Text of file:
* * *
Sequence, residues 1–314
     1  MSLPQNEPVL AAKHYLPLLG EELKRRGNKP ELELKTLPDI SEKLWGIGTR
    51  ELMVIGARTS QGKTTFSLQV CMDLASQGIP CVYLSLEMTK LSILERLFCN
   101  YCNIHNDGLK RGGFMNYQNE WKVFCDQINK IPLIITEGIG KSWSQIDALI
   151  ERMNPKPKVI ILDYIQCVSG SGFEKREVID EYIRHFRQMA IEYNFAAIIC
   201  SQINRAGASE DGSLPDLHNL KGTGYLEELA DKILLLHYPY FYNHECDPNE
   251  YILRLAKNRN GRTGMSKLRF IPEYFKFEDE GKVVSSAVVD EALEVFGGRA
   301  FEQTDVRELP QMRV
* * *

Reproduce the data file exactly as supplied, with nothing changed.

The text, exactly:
Sequence, residues 1–314
     1  MSLPQNEPVL AAKHYLPLLG EELKRRGNKP ELELKTLPDI SEKLWGIGTR
    51  ELMVIGARTS QGKTTFSLQV CMDLASQGIP CVYLSLEMTK LSILERLFCN
   101  YCNIHNDGLK RGGFMNYQNE WKVFCDQINK IPLIITEGIG KSWSQIDALI
   151  ERMNPKPKVI ILDYIQCVSG SGFEKREVID EYIRHFRQMA IEYNFAAIIC
   201  SQINRAGASE DGSLPDLHNL KGTGYLEELA DKILLLHYPY FYNHECDPNE
   251  YILRLAKNRN GRTGMSKLRF IPEYFKFEDE GKVVSSAVVD EALEVFGGRA
   301  FEQTDVRELP QMRV